The following is excerpted from an article by Michael M. Rosen appearing in the September 12, 2011 issue of The American (The Journal of the American Enterprise Institute):
On September 8, Congress at long last passed the “America Invents Act,” the first overhaul of our patent system in decades. Yet not everyone has cheered the new law, or how it came about.
The U.S. patent regime has always been a careful balancing act between encouraging innovation, enforcing the rights of inventors, and ensuring the public interest. Yet in two recent reports—one on National Public Radio’s “This American Life” and one in the New York Times—critics have argued that that equipoise is in grave danger.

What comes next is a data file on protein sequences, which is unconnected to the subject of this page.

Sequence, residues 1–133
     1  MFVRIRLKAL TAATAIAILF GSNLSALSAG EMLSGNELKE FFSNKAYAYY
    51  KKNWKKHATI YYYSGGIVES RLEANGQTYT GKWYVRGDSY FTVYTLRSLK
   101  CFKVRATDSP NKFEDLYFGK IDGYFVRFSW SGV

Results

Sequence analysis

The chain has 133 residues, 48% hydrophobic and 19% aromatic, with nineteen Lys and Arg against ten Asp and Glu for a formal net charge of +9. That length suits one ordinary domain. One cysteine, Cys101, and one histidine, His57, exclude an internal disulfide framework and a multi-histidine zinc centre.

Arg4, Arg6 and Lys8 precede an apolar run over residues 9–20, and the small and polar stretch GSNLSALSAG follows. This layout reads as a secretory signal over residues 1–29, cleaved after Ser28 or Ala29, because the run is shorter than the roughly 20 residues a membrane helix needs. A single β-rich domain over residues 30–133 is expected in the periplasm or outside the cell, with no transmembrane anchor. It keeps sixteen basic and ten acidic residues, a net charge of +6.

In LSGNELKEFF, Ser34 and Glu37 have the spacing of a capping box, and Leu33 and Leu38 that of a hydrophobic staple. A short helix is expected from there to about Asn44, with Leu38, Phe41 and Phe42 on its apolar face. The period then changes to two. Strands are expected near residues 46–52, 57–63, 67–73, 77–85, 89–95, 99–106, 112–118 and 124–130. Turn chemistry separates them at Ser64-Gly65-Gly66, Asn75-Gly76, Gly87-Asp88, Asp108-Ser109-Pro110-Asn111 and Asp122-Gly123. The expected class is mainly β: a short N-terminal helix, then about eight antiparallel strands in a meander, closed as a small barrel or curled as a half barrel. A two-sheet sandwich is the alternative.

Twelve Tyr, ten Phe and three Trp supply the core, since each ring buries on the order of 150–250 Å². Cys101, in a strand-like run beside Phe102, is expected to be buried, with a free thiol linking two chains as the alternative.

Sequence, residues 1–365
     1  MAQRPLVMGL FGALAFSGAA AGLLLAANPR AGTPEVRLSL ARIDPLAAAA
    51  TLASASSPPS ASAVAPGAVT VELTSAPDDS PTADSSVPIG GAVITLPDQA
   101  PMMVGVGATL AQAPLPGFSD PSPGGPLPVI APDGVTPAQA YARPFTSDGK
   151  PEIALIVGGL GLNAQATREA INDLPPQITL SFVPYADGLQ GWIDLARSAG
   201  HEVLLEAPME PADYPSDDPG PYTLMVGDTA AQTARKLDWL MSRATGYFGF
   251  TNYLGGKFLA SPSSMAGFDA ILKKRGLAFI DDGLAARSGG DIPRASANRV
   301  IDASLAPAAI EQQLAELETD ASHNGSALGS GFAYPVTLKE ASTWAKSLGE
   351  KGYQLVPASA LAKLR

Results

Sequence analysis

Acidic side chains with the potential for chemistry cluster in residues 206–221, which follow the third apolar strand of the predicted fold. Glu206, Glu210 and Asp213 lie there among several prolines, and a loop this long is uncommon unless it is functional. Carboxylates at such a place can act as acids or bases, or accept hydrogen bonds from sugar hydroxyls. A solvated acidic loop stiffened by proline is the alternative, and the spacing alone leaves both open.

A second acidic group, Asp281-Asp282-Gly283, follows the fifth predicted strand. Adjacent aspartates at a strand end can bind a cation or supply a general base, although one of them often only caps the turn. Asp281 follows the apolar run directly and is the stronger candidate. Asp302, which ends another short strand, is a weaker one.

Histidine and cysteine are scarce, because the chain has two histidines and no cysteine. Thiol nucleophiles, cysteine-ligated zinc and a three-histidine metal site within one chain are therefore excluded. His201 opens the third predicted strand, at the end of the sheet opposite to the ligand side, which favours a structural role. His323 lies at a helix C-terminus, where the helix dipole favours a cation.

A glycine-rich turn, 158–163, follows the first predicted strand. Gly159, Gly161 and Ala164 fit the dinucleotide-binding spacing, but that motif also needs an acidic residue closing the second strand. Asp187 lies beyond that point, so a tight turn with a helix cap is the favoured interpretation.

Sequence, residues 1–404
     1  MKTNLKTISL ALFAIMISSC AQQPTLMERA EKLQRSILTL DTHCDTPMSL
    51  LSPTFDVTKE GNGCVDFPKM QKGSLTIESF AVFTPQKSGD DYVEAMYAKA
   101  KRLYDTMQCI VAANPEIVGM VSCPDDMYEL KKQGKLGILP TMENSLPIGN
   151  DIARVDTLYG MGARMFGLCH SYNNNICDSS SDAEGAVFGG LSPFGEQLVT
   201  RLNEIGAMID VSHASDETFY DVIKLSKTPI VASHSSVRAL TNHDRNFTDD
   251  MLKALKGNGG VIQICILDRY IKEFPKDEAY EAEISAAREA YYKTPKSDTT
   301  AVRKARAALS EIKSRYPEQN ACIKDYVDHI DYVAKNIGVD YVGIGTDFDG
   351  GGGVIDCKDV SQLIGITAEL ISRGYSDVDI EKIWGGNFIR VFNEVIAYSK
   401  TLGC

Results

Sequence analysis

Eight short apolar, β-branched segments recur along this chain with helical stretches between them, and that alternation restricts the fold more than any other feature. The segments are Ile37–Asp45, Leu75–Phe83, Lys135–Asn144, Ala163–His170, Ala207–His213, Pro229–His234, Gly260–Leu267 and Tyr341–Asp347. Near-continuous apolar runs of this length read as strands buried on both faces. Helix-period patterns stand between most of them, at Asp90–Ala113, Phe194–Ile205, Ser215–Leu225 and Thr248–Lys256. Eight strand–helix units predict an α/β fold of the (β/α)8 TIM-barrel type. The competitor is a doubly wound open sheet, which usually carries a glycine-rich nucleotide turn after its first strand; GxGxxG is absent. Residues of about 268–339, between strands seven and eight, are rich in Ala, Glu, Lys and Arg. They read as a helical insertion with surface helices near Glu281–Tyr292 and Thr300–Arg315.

Yet, like all complex issues presented by the mass media—even (especially?) by outlets as sophisticated as NPR and the Times—the ins and outs and what-have-yous of our patent system are far more nuanced, and the players far more difficult to cabin into bad guy and good guy roles, than NPR’s Ira Glass and company would have you believe.
Read here the analysis by Mr. Rosen of these two reports.